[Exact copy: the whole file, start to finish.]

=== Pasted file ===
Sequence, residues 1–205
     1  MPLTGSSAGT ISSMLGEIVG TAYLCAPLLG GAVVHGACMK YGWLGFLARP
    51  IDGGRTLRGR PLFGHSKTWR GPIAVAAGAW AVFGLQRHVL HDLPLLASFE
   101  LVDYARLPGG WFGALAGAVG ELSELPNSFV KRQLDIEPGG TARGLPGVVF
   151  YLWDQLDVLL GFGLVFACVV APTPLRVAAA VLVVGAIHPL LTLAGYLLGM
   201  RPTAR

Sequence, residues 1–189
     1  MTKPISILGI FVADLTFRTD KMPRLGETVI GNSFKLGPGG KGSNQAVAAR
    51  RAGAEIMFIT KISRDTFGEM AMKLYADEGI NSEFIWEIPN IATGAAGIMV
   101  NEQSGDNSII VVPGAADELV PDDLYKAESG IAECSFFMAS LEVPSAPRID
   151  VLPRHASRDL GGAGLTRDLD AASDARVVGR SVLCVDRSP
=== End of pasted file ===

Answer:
Sequence, residues 1–205
     1  MPLTGSSAGT ISSMLGEIVG TAYLCAPLLG GAVVHGACMK YGWLGFLARP
    51  IDGGRTLRGR PLFGHSKTWR GPIAVAAGAW AVFGLQRHVL HDLPLLASFE
   101  LVDYARLPGG WFGALAGAVG ELSELPNSFV KRQLDIEPGG TARGLPGVVF
   151  YLWDQLDVLL GFGLVFACVV APTPLRVAAA VLVVGAIHPL LTLAGYLLGM
   201  RPTAR

Sequence, residues 1–189
     1  MTKPISILGI FVADLTFRTD KMPRLGETVI GNSFKLGPGG KGSNQAVAAR
    51  RAGAEIMFIT KISRDTFGEM AMKLYADEGI NSEFIWEIPN IATGAAGIMV
   101  NEQSGDNSII VVPGAADELV PDDLYKAESG IAECSFFMAS LEVPSAPRID
   151  VLPRHASRDL GGAGLTRDLD AASDARVVGR SVLCVDRSP